Aarian Marshall is a transportation reporter at WIRED and former CityLab contributor. She lives in San Francisco.
It may sound silly, but it’s really a sign of the growing urban generational divide.
Deep in Bushwick, Brooklyn, lives a particularly entrepreneurial transplant. But this is not your garden-variety young Brooklyn beardo—Nina Keneally is 63. She and her husband lived in Connecticut for 30 years before they decided to follow one of their sons to Kings County. There, the theater producer with a background in therapy had an idea: There were so many lost-looking young folks wandering around Bushwick’s coffee shops and yoga studios, so why shouldn’t she rent herself out as … a mom?
Keneally introduced Need a Mom to the world through a sponsored post in the Bushwick Daily. From the post:
Nina is ready to provide you with a shoulder to lean on, to iron your shirt or to sew a button on before that big interview. She won’t however do your laundry or organize your closet. She is a mom, not your maid after all! So if you’re lonely Nina will take a walk with you or will come to watch a movie with you and bring popcorn. She will buy presents for your family members if you don’t have time or lack ideas and will even wrap them for you.
Rates are as yet undetermined, but Keneally indicates that a trip out to your Bushwick apartment to deliver a steaming pot of her chicken noodle soup would run you around 40 bucks. The New York Post reports that she already has six Brooklyn-based clients.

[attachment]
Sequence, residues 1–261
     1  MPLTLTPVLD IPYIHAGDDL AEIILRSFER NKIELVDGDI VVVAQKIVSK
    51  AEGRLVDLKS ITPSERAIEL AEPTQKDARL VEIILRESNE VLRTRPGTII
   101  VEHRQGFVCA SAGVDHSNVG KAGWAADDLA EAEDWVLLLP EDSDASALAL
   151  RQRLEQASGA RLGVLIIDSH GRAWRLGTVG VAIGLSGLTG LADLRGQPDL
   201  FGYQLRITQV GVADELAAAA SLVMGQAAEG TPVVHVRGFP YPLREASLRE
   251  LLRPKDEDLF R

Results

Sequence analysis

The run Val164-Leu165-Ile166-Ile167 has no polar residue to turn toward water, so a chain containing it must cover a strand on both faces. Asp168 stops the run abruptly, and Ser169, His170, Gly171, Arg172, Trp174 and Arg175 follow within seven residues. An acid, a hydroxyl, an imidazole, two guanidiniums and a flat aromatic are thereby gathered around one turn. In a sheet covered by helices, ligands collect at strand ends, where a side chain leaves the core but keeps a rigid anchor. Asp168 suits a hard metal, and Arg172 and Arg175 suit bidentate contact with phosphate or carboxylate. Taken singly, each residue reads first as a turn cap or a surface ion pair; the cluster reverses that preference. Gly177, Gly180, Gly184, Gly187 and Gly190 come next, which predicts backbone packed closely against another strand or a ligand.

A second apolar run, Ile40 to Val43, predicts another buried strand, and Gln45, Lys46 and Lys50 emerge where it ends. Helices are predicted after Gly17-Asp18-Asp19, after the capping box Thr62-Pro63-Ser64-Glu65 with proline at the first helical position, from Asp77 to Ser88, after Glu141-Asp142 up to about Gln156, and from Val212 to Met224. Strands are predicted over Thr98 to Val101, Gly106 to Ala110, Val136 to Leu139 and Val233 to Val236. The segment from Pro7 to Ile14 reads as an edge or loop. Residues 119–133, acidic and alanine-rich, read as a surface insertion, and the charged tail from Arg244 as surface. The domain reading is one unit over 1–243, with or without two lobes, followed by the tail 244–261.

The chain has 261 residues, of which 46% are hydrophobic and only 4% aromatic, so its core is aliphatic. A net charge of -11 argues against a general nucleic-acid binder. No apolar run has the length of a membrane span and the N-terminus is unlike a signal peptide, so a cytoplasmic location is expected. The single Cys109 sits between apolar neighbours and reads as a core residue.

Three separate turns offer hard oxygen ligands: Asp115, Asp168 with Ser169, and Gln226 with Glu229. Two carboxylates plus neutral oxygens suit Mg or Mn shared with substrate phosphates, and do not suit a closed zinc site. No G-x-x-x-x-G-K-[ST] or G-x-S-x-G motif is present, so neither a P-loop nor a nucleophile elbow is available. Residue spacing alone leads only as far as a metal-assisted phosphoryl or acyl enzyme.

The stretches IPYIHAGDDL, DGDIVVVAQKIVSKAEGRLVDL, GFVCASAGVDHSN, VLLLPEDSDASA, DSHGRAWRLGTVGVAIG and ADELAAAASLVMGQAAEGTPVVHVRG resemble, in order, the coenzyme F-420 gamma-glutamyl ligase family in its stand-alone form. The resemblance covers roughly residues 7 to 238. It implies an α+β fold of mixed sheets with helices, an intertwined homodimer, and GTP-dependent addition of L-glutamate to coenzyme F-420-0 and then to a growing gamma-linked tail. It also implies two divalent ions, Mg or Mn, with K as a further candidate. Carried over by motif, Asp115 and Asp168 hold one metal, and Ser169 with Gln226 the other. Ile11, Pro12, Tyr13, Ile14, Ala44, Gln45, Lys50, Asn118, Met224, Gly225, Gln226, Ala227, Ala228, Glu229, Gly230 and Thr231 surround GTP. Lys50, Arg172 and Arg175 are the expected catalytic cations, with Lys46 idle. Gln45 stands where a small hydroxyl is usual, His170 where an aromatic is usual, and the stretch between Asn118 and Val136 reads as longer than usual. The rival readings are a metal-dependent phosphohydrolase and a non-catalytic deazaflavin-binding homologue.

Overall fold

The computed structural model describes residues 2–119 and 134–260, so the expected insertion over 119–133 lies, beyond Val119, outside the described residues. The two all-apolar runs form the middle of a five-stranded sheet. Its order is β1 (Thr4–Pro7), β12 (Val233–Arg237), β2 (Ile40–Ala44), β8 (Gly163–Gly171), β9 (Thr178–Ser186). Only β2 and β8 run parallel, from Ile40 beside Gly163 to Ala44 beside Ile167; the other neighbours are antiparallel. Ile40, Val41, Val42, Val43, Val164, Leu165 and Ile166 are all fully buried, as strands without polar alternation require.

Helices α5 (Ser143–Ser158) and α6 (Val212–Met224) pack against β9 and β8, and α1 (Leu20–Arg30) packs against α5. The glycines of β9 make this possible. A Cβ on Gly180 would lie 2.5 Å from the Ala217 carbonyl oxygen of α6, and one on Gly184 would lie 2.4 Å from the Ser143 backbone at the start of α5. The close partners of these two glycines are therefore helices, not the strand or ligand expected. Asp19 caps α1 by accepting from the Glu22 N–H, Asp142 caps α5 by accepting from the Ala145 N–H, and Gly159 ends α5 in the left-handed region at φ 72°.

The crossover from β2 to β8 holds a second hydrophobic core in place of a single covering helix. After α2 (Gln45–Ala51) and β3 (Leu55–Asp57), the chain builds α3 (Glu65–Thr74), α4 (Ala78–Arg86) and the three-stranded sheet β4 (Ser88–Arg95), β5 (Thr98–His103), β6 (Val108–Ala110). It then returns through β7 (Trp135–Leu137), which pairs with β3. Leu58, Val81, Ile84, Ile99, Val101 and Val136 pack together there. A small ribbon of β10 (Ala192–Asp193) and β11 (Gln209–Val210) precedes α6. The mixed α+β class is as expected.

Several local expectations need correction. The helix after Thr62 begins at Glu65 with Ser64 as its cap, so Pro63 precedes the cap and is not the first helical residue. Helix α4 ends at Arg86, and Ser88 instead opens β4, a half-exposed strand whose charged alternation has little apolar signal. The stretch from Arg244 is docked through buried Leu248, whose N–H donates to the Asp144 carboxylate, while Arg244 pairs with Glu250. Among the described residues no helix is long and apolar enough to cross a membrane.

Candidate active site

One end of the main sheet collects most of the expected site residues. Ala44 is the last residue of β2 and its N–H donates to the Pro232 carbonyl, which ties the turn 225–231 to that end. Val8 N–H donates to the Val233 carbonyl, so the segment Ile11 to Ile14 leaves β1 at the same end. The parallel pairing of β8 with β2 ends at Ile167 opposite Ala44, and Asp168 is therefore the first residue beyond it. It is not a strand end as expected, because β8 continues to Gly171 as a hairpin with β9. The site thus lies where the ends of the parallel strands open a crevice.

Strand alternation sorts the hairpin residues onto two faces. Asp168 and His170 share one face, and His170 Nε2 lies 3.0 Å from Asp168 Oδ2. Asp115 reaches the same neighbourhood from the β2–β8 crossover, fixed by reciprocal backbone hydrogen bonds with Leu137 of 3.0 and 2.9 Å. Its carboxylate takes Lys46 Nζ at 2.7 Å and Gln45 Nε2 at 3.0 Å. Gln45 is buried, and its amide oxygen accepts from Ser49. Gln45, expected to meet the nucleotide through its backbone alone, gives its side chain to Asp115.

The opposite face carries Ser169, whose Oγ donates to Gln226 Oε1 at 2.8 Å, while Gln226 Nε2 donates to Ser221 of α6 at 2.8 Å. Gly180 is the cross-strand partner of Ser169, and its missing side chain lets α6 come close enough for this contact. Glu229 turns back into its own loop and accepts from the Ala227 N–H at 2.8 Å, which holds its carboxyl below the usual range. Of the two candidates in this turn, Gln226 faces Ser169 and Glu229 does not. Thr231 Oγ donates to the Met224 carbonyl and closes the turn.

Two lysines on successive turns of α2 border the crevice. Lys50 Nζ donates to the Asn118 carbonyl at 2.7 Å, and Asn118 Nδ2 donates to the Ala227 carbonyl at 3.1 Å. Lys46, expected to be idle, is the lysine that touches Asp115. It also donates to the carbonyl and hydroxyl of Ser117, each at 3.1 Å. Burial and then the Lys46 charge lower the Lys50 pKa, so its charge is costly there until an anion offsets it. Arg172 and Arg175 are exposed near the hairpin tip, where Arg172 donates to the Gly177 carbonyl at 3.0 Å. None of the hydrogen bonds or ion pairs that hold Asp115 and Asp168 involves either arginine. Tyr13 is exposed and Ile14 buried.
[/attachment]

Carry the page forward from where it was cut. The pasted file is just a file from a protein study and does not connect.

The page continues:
Let’s get the obvious out there: This is strange. Maybe it’s a sweet alternative for those who have lost or been estranged from their mothers, but the wayward youth of the outer boroughs might be better off ponying up for a real therapist. Or, if they really want to hang with the older and wiser, volunteer at a senior center.
But it’s also true that Keneally has picked up on an important and growing urban phenomenon. In work released earlier this year, the geographer and planner Markus Moos called it “youthification,” the “influx of young adults into higher density” neighborhoods. (It’s worth noting that this is distinct from, though related to, gentrification.)
Here’s Moos’ map of New York. Notice the blocks in Bushwick are either red or yellow, indicating high concentrations of young adults between ages 25 and 34.
Keneally is right: There are a bunch of young people in Bushwick.
To Moos, the convergence of the young upon particular areas of a city is not necessarily a bad thing. But “there are clear signs,” he writes, “of a process of youthification underway that is indeed creating generationed spaces in our cities that if intensified in the future could lead to further intergenerational conflict.” Of course, segregation by age is not nearly as problematic as socioeconomic and racial segregation, Moos argues, but research shows that not interacting with people of different ages can lead to ageism.
So to those who want to rent a mom—go ahead and rent a mom! But as young people flock to amenity-filled city centers, cities should also be thinking about ways to foster simple (and free) intergenerational friendship.